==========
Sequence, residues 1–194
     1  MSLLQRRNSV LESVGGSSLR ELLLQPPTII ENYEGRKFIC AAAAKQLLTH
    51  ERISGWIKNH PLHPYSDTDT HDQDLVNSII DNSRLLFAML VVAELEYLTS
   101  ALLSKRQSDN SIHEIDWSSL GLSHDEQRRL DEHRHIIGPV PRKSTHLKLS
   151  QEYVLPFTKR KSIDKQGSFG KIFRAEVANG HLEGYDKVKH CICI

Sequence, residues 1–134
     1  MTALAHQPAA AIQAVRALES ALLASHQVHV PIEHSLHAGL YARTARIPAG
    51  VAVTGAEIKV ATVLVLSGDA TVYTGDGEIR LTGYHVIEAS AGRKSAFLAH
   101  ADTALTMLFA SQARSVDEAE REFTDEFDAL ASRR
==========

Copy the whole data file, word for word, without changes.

Sequence, residues 1–194
     1  MSLLQRRNSV LESVGGSSLR ELLLQPPTII ENYEGRKFIC AAAAKQLLTH
    51  ERISGWIKNH PLHPYSDTDT HDQDLVNSII DNSRLLFAML VVAELEYLTS
   101  ALLSKRQSDN SIHEIDWSSL GLSHDEQRRL DEHRHIIGPV PRKSTHLKLS
   151  QEYVLPFTKR KSIDKQGSFG KIFRAEVANG HLEGYDKVKH CICI

Sequence, residues 1–134
     1  MTALAHQPAA AIQAVRALES ALLASHQVHV PIEHSLHAGL YARTARIPAG
    51  VAVTGAEIKV ATVLVLSGDA TVYTGDGEIR LTGYHVIEAS AGRKSAFLAH
   101  ADTALTMLFA SQARSVDEAE REFTDEFDAL ASRR